The foundations of moral character

Families lay the foundation for good character. It is from those closest to us as children—parents mainly, but not only—that we form the basis upon which we build our character.

From those who hold us closest, guide us (or not), support us (or not) and love us (or not), we develop the habits of character, good or bad. Without a solid and good foundation, without life-long habits of doing good and caring about what is right, there will forever be a weakness, like a house with faulty floorboards and misaligned doors.

But weaknesses need not be fatal; they can, with proper attention and correction, be compensated for, shored up and built around.

We can’t change our foundation but we can develop new habits. This is accomplished by finding people whose character we admire, emulating their good traits and having faith in our ability to do better over time. It is by believing that the kind of people we are matters that we develop the character that we hold in esteem.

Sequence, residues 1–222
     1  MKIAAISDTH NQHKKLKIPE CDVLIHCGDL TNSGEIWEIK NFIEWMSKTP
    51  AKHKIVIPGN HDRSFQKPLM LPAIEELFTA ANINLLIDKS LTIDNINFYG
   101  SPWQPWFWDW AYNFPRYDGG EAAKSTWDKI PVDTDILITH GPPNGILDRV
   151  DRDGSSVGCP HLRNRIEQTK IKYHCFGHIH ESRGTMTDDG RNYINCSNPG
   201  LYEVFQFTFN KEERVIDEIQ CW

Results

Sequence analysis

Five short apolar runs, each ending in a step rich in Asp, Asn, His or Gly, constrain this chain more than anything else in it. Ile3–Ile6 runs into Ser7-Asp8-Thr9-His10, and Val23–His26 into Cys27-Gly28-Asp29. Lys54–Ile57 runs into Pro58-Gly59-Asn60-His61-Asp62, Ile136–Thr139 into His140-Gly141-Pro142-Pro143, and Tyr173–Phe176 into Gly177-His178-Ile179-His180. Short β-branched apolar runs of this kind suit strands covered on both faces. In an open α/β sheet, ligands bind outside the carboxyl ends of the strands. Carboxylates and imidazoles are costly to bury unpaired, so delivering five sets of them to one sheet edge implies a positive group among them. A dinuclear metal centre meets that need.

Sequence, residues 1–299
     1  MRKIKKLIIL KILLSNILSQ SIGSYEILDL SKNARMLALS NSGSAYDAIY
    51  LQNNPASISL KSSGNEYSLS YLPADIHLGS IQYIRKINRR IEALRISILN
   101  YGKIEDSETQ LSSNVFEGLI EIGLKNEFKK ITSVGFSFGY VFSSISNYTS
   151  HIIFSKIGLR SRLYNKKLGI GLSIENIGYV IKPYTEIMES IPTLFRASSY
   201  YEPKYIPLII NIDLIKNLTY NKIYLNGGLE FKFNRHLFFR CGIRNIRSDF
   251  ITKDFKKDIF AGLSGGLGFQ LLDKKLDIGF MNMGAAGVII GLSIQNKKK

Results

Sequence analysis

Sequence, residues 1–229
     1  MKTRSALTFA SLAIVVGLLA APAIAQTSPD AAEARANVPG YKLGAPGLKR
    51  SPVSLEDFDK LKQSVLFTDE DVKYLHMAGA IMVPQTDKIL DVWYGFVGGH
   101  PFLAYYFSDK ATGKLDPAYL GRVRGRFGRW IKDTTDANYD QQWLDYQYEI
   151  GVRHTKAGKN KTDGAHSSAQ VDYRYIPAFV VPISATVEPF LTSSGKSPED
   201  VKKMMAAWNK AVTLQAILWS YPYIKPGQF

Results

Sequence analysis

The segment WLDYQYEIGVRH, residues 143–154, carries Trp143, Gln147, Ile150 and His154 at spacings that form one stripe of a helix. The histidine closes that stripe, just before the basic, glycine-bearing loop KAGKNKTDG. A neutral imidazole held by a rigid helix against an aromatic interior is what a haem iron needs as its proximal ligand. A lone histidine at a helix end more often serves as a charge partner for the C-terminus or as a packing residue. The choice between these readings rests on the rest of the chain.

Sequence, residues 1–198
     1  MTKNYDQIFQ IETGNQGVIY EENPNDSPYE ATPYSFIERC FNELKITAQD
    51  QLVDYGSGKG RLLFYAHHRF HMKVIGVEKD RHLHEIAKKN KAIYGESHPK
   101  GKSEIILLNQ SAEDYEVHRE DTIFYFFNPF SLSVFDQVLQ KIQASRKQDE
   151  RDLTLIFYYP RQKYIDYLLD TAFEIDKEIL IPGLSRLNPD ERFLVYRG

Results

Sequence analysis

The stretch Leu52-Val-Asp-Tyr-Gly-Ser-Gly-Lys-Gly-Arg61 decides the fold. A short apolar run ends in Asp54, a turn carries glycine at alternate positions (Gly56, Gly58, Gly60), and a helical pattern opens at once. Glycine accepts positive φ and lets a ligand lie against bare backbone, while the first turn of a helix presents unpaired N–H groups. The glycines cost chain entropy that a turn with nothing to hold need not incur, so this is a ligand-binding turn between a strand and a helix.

2 thoughts on “The foundations of moral character

  1. I keep wondering where the boundary is between “nature and nurture.” I certainly think how we are raised significantly impacts who we are into the future, but then I read books like “How the Mind Works” by Steven Pinker and I am not so sure. I think certainly that there are habits of mind and heart that are pre-programmed and even primal. Very hard to overrule. On the other hand, living intelligently is learning to put the intelligence in control…

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